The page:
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Lab Question - Pulling wire under tension

  1. Jan 15, 2012 #1
    I have to create a test harness for a lab. Part of the procedure is the pulling of a wire in tension. That is, the wire, when pulled, exerts resistance and thus will revert back to its original position when there is insufficient force pulling on it. I have to find a way to keep the wire in place when I pull it without the use of my hands so as to conduct experiments on the tension of the wire.

    There are a couple of ways that I found I could tackle this. Firstly, there could be a track that could pull the wire and the track could have locks to keep the wire at certain positions when needed. Secondly, I could pull the wire by hand and keep it at a certain position somehow.

    For the track option, I'm lost as to what could do this. Could anyone please provide some reference that would solve this issue? The method must be really simple, so if the method is not complicated, I would create it.

    For the manual pulling and stopping option, I was considering laying a rubber base on the platform and then pulling the wire on top of it. Then, I would have velcro going over the wire tightly to hold it in place (the rubber would provide friction, preventing it from going back to its original position). Although the method is simple, a possible issue is that the tension will overcome the velcro and rubber base. Does anyone have any other idea as to how to keep the wire at a certain position when pulled?

    Thanks a lot for the inputs.
  2. jcsd
  3. Jan 16, 2012 #2

    Simon Bridge

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    you can run the wire over a pulley and hang a weight from it?
    to pull harder, add more weights.
  4. Jan 16, 2012 #3
    Yes, I could, but the restriction with a pulley system is that the pulling distance is dependent upon the amount of weight I use. I would prefer to have a system in which I could pull however much I wanted/independently.
  5. Jan 16, 2012 #4

    Simon Bridge

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    It does not matter what system you use, there will always be some limit to the pulling distance and you were talking about manual pulling and stopping with some sort of ratchet device, possibly velcro??? These are much more limiting than using weights!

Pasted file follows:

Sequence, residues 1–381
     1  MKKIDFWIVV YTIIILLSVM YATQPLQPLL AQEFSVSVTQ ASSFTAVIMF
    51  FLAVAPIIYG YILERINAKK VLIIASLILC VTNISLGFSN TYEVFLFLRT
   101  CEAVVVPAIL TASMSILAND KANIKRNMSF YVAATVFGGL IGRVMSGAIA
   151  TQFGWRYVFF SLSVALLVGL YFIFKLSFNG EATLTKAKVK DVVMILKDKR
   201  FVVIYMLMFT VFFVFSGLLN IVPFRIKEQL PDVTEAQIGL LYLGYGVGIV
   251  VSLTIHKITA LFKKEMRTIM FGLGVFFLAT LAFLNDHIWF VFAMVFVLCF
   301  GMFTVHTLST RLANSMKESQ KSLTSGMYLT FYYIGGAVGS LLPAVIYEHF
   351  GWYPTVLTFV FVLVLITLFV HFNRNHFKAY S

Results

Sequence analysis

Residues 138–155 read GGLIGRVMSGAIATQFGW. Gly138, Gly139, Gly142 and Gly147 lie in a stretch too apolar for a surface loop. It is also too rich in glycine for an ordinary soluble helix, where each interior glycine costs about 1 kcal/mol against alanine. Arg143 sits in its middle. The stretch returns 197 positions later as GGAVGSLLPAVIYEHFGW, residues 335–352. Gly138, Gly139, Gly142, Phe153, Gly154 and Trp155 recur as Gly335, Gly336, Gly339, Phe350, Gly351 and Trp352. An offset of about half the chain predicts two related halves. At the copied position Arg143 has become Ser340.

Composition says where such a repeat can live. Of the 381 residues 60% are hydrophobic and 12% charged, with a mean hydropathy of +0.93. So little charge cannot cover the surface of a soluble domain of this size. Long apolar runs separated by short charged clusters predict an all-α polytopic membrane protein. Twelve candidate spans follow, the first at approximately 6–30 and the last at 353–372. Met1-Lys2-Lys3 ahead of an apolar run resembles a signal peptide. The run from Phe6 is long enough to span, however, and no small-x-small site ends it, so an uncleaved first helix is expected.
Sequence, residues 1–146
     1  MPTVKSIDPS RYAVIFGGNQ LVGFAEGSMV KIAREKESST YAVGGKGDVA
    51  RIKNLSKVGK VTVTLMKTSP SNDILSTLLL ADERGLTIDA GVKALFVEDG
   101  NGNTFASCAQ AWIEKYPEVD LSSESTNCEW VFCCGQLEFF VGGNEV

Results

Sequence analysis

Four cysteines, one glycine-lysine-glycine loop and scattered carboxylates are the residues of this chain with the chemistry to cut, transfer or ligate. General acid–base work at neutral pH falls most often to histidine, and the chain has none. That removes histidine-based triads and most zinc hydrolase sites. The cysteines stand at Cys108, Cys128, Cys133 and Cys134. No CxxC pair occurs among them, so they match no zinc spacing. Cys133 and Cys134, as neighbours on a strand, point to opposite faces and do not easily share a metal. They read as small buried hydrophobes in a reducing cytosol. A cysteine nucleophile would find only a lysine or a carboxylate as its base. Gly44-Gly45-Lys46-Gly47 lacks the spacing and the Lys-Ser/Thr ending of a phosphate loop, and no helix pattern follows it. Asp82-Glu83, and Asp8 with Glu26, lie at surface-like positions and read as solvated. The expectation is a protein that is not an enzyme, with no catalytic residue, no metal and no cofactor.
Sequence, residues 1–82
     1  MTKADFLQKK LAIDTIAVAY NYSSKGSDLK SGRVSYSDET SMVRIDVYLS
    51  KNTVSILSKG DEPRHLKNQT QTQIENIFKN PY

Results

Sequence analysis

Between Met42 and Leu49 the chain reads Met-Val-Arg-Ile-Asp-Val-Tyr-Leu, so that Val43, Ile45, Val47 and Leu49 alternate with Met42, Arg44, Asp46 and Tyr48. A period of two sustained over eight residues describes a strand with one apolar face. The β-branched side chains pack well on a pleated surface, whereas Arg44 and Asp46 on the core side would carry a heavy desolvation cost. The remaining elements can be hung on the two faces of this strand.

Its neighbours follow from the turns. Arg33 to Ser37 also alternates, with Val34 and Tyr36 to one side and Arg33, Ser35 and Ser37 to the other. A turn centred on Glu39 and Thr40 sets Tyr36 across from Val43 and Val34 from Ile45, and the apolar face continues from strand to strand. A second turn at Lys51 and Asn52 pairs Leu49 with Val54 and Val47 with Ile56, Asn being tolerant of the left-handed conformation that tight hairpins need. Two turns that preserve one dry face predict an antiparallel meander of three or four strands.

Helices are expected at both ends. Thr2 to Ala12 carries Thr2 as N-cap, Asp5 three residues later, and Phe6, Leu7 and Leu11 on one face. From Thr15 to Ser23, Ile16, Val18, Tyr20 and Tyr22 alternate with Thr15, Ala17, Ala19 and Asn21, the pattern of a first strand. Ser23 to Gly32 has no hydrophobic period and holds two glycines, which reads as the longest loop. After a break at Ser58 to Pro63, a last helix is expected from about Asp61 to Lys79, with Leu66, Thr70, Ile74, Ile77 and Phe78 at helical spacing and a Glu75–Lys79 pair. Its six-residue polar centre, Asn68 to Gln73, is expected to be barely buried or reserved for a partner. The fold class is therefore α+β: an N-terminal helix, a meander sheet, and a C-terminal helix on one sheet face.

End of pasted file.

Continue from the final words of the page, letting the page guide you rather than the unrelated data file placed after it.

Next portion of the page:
With the weights, you can change the amount of pull by changing the weight - and this allows you very precise and independent control over the strength of the pull.
    If you want a lot more pull, add heavier weights ... they don't have to be laboratory weights - you can use bits of scrap metal, an old anvil, a car, a truck, there does not seem to be a practical upper limit to the amount of pull by this method (you are actually restricted by the strength of the wire). Similarly in the other direction, just use light weights like metal washers from a hardware store, bb-pellets, grains of salt. Your control is very fine compared with the other methods you have suggested.

    Perhaps if you described the purpose and aim of the experiment?
    What you've said is:
    The weight system is the standard way to do these experiments for a reason.

    Still, you want something overcomplicated ... be my guest: have fun.
    Last edited: Jan 16, 2012
  6. Jan 16, 2012 #5

    Simon Bridge

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    Lets examine these then:
    ... a hands-free holding system, and it has to hold the wire under tension, preferably at a known tension?

    A ratchet system? This would involve a toothed track and hooks which may get in the way of the testing you want to do.

    eg. with the above ratchet system ... is is not a "secondly" ... you don't really care how the wire achieves it's tension, you just want to hold it there while you do your tests.

    You are thinking of a toothed track - like those used on a winch crossbow or ballista.
    I used to make these out of lego ... you'd have to build it, wood would probably be good enough but you will need metal hooks.
    (You could modify a car-seat track - get one from an auto-wreckers.)

    An alternative would be to use a modern take on the same system:

    You know those ratchet-belt systems that are used to hold loads to trailers? These use the same principle as the track, only the "track" is circular so you don't need a lot of it and it stays out of the way of your experiment. You could modify one of those (a smaller one I'd guess) to hold you wire then you can crank it up to tension. The downside is that you don't know the tension.

    You could use a simple winch - attach the wire to a bobbin which you turn with a torque-wrench. When it is the correct tension, you clamp the bobbin in place.

    You have a bigger problem - the rubber no-slip pad (assuming it holds at all) will distort against the tension and so distorting your results. On top of which, you have little control over the amount of tension in the wire.

    Anyway - velcro and rubber just won't have the sticking power to do this. You are better to attach the end of the wire to a clamp and run it over a solid track - move the end into position so it has the desired tension, then tighten the clamp onto the track.

    By comparison, the weights system requires only three cheap items, allows fine-grain control over the tension in the wire, holds the wire in place while you do your experiments, holds the tension constant if you want when the wire is manipulated (plucked, say), and generally fulfills all your stated goals.

    I know that complicated machinery looks cooler - but you should always conduct experiments with the simplest most primitive equipment that will still isolate the phenomena under investigation.
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